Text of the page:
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Hospital Visit

October 24, 2017


What? I thought ongoing maintenance and frequent appointments were a thing of the past? I have to keep on top of my residual limb care? What if I just use bandaids and tylenol and wait for pain to go away and then get frustrated when it doesn’t?!  


A few months ago , I had an early morning rush to the  Emergency Room. I found a giant lump, which was extremely swollen, on my bikini line after taking my leg off for the night. This is where my socket meets my skin and where most of my body weight rests. Usually, my skin can get quite irritated as the brim of my socket rubs against me.


At work that day I had felt the usual irritation that happens when I wear my leg for long periods of time.  SInce the skin near the top of my socket is so sensitive, I use a cloth and fold up my liner to protect it from friction. If the cloth falls down, or my fit isn’t good, it’s very common for me to get cuts and irritation around that area. If I’m feeling particularly angsty I often describe this irritation as, “ Like Indian RugBurn, but you know.. On your private parts.”   I decided that when I got off work I would take of my leg and rest.


By the time I arrived home, walking was quite painful.  Limping to the door I fumbled with my keys excited at the prospect of having a bath.  As soon as I took off my leg, I knew something was wrong; instead of a cut like I had suspected, there was this lump that was a burning red colour. Naturally, I panicked, not only because of my history with bad lumps, but also because I had to work 8 hours the next day and  didn’t want to call in sick after just starting this new job.


Ollie managed to calm me down, and quell my worries by saying we’d wait until morning to see what it did. Looking at it, we thought it might be an ingrown hair that might settle by morning, or some kind of “pressure cyst” (whatever that means, home diagnosis at its best). The next day it had gotten far more swollen and grew to about the size of a golf ball.  With that incentive we planned our emergency room visit.  I was worried about taking the bus to the hospital since I could barely put my leg on. Sidenote: we have no crutches or a wheelchair at our place yet, after moving.  This is a good solid reminder that having things on hand is a priority in case of emergencies.  


The idea of walking a few hundred meters and making sure the bus driver wouldn’t start driving as I attempted to limp my way onto the bus made me really anxious.  Ollie offered to call off work and go on the bus with me. After noticing how much I struggled to take a few steps we opted to take a cab to the hospital.


In the hospital we went through pre-screening, trying to explain my situation. They equated it to a blister or sore like any other. I could understand this, and I acknowledged that a blister is obviously not life threatening, however, I was surprised at how much they minimized it as almost a non- issue, not realizing that it was preventing me from walking at all.


After prescreening and a few hours wait, we were sent into a little curtained room. There was some confusion as to whether I needed my leg off, and I eventually just did it. The doctor, friendly and positive,  came in shortly after. He asked to have a look, and ruled it as a very sad ingrown hair. I started laughing at how anticlimactic it all was and was a bit cynical by the fact that an ingrown hair could basically put me into bed-rest.  He did ask if he could do an ultrasound because of how infected and swollen it looked.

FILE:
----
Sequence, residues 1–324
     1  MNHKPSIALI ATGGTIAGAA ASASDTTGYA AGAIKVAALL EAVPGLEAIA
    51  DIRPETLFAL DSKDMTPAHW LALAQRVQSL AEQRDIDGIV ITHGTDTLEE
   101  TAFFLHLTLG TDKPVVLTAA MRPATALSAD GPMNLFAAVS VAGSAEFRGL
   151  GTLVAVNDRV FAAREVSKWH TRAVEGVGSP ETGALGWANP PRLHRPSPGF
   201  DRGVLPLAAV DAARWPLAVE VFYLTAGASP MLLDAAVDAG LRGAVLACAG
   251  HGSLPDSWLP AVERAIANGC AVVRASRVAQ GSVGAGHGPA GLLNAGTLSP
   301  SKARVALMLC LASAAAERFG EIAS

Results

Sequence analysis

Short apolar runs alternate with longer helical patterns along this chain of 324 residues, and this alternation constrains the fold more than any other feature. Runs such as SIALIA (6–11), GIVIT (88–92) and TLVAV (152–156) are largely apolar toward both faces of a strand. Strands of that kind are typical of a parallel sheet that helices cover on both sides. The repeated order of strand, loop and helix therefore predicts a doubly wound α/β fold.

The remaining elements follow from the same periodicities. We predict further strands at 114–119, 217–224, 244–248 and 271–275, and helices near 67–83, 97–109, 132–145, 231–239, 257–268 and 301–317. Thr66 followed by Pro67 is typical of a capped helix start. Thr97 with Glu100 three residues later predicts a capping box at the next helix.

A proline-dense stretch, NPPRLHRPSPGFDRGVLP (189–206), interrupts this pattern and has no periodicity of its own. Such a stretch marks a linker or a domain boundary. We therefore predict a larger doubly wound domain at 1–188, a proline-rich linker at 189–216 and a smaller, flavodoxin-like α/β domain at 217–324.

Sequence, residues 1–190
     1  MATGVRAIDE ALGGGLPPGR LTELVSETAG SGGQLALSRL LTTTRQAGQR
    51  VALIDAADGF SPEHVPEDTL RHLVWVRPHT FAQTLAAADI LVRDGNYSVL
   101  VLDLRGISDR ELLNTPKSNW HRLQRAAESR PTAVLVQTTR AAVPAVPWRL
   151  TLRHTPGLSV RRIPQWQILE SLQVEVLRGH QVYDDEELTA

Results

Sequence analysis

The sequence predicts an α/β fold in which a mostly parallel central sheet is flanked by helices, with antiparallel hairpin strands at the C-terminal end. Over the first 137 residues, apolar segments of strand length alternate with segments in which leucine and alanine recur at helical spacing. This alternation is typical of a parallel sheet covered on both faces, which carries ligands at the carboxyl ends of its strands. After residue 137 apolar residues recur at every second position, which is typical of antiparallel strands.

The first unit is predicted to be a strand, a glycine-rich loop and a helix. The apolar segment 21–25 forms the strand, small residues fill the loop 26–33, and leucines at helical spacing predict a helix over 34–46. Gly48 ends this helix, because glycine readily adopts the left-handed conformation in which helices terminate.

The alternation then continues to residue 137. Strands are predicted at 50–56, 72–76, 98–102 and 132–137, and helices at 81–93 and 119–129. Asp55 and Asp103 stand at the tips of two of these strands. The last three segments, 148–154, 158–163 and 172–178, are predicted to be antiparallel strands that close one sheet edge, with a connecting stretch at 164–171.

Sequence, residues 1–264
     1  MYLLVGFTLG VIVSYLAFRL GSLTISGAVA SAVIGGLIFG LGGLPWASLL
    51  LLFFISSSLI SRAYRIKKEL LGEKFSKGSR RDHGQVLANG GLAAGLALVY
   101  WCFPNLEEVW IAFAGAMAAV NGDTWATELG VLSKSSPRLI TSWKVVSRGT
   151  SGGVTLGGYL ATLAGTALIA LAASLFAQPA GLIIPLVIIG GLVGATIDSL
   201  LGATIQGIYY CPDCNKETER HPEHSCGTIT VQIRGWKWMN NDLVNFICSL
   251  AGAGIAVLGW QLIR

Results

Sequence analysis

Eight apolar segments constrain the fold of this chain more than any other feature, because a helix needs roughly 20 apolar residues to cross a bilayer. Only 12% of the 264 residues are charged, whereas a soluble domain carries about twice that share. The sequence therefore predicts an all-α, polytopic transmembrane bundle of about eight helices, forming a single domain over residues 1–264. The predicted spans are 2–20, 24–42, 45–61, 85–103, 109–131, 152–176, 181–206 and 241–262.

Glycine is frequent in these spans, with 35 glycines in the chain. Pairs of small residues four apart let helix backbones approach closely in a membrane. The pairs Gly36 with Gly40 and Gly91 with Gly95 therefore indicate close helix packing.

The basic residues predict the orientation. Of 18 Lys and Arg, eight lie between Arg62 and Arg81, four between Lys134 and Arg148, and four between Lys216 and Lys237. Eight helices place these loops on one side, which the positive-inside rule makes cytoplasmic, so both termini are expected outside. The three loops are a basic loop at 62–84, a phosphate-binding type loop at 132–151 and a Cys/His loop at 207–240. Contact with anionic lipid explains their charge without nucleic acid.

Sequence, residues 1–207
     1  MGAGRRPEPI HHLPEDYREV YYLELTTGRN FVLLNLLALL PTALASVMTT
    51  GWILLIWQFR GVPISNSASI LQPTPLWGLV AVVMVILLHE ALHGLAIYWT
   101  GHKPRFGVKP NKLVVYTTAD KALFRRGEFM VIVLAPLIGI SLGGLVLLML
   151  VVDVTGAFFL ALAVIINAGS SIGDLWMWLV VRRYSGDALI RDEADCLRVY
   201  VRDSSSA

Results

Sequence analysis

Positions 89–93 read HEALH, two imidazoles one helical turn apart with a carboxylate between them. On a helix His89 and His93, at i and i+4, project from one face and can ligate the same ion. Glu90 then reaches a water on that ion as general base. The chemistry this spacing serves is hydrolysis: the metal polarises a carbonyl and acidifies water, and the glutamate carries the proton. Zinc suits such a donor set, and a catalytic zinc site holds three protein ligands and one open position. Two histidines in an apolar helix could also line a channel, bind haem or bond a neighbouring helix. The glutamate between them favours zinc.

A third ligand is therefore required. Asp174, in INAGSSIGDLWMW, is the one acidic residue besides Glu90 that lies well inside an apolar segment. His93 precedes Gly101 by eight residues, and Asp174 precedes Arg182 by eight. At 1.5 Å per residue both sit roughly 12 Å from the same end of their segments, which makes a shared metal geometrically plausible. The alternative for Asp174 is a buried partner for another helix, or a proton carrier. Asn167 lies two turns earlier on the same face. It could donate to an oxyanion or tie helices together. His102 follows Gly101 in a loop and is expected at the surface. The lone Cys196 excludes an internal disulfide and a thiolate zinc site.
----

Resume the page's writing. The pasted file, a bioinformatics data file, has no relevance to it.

We beheld my strange fluid baby on the black screen, joking about  how young we were to be looking at our new baby and how impossible we thought it was.  He decided it wasn’t worth sticking it with a needle to drain the infection, but said if it built any more to come back to emerg the next day.  He gave me a prescription for antibiotics and a cream and sent us on our way.


After leaving the hospital, I was more comfortable in my socket to walk. I had moved my garter belt down on the liner. ( My garter belt is a latex article that determines where I keep the suction on my leg). Moving this material lower down means that the suction keeps lower down on my stump. Usually I avoid  lowering my garter belt because the end of my stump is very sensitive.Unsurprising considering that is where my leg was amputated. Iit was sketchy suction-wise, but a better compromise than not being able to walk.  


I ended up spending the next two days in bed, cancelling the few events we had planned and of course work.  By this time, I was just happy  I knew what was wrong and it was nothing that would involve surgery or anything worse.  These past few weeks my leg easily gets sore or cut. I usually opt for shorts to prevent any more cuts or swelling.

Before this, I would have continued to wear my leg despite the skin issues, spending several days in discomfort only because of my own stubbornness.  It was strange for me to experience such a debilitating skin issue after having my prosthesis for such a long time. Honestly, I had grown to really appreciate the consistency of being fitted with a permanent socket and not having to deal with constant appointments or check ups. When something like this occurs, I instantly feel like I’ve gone a step backwards in moving on with my life and it can be quite a jarring reality check that sometimes I am not able to function in the way I want because of my prosthesis.  I’m getting better at recognizing the signs of issues or pain and by keeping on top of them I’ll be able to ensure a quality of life where they do not take up more of my days.  These situations are expected and can be handled better by more self awareness.


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